Tiny Stories, Tiny Tales

The decay of anxiety

It has been another wonderful end-of-the-summer day. I went out on a two block walk and the thing that most caught my attention was the wind rustling the leaves. Now, most of the leaves are green though a few forlorn apple trees have lost their dressings, but most of the green maples just shift their leaves in the wind and I look up, catching the underside of seeds yet to twirl down on us.
The wind does move. It is definitely time when feelings are changing and the maples and the oaks and the cottonwoods are anticipating the upcoming autumn. For when the wind passes through the trees, it sounds like all sorts of dryness and I expect a dozen leaves to come lazily catching in my hair after a descent- but they don’t. So it’s some sort of secret that all of us are hiding, this anticipation of the upcoming cold. We whisper it between ourselves but no one says anything outright about it yet. Except the apple trees and they look very bare and quite neglected. They rushed to the party and now they’re burrowing into their darker thoughts, sitting the evening out.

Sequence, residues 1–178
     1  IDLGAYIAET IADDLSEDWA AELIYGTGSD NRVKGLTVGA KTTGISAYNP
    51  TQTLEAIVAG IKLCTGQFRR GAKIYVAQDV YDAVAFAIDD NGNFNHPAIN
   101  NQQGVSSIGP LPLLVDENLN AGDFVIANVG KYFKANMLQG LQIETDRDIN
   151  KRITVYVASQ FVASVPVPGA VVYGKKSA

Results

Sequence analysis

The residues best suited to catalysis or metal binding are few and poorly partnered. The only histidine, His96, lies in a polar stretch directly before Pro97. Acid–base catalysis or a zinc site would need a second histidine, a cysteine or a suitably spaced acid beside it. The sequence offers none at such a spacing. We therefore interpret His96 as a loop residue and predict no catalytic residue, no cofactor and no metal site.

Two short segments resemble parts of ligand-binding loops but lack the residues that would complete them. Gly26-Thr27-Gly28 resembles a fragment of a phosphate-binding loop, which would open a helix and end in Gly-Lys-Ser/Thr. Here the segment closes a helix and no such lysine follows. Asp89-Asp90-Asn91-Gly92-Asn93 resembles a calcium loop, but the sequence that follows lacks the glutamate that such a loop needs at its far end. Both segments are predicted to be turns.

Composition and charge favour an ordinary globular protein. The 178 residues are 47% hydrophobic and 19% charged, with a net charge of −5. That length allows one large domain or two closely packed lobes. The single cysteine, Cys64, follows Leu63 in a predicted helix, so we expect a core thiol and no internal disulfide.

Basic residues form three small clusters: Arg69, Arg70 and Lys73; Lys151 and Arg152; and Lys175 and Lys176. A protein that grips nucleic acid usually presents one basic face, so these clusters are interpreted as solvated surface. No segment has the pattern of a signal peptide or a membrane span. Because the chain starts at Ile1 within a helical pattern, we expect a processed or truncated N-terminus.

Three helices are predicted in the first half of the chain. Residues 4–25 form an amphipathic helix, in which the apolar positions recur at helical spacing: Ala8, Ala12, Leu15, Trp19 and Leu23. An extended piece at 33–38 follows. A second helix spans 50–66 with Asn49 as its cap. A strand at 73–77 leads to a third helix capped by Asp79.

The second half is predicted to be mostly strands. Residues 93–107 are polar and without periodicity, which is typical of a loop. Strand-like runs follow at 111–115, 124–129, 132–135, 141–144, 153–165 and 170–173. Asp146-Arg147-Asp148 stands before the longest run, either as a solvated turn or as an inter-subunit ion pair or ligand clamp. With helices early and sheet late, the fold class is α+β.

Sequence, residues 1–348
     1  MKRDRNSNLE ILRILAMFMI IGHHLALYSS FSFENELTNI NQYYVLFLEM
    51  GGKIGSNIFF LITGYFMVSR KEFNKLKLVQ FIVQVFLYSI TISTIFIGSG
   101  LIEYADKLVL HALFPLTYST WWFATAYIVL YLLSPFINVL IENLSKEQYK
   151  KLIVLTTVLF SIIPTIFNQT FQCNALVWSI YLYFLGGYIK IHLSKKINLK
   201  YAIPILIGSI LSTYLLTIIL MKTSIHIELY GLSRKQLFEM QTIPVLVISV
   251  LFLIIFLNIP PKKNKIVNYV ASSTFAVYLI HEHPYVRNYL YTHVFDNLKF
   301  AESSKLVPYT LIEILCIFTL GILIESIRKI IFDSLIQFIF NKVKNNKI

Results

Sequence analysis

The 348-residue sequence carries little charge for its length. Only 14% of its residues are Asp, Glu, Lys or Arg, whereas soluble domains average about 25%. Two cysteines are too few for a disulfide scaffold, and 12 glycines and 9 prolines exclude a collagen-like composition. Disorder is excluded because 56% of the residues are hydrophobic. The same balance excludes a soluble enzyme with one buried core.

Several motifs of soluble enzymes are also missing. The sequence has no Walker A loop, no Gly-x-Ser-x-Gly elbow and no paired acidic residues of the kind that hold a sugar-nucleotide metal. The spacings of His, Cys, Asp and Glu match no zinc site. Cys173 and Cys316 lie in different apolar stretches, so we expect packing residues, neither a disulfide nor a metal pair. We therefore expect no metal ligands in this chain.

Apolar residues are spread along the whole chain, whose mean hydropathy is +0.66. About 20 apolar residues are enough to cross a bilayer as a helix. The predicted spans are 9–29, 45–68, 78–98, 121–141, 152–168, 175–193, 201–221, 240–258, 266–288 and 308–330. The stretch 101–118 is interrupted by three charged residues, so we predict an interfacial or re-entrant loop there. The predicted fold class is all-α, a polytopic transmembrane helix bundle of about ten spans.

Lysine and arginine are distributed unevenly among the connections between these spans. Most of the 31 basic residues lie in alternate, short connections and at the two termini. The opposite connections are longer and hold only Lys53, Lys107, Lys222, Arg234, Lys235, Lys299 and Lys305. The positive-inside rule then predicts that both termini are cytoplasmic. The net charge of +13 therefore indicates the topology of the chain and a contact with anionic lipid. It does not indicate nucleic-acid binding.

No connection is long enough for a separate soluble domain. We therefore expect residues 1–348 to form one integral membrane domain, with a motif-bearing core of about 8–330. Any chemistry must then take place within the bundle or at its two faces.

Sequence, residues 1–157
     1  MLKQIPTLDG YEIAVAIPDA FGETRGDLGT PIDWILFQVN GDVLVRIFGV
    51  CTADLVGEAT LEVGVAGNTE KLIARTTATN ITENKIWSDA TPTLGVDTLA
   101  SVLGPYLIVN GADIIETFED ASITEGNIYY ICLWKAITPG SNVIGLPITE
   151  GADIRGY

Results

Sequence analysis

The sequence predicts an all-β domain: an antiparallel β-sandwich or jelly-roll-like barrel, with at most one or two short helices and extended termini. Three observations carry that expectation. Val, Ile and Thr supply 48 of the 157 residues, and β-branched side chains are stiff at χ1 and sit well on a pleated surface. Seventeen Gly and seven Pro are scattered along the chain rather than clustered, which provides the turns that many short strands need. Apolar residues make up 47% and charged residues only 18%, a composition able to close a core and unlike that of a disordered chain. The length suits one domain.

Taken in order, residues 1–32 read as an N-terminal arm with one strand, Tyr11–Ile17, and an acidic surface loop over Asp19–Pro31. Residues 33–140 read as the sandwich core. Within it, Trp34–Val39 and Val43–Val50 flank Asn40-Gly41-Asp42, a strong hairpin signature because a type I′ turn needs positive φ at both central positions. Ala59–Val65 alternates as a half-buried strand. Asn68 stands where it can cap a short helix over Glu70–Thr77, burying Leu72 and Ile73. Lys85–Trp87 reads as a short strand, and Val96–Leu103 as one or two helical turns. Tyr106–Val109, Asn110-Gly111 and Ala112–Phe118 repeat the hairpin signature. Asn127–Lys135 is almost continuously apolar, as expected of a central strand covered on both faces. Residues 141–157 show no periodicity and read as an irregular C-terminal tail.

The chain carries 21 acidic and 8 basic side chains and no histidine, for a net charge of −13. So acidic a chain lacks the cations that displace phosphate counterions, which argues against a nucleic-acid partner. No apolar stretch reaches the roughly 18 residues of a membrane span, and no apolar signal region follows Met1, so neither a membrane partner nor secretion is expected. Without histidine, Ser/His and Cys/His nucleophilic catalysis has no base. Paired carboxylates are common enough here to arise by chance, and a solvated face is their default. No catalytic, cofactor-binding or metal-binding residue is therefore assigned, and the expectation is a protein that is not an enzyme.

I took another walk this evening, this time, a very short walk. I can’t walk very far still but that’s okay. I can still roam around a little. In my thoughts were possible avenues of escape when a sort of soft-edged anxiety comes bumbling around in my head. It’s not a large sort of panic, really. It’s the grandmother-ly type, the type my mother’s mother and my mother’s grandmother were notorious for. Their mantra was “oh dear, oh dear, oh dear”, in soft sweet chiming tones. My own form of anxiety is something akin to it. It’s the side glance of everything around me. The possible diminish and demise of toilet paper is peril fraught, the cat fur in the carpet is a growing outrage. The dvds taken out from the library cease to be entertainment and turn into duty and the delightful books, that promised so much when I took them from the shelves are now heavy tomes bound around my neck. The simplest, the nicest things turn into chores and it seems that so often, I go around with ashes in my mouth. I throw away so much energy towards work and then stumble around, frantically cleaning and sorting and cleaning and reading and knitting and watching and…everything is a chore. Ashes in the mouth.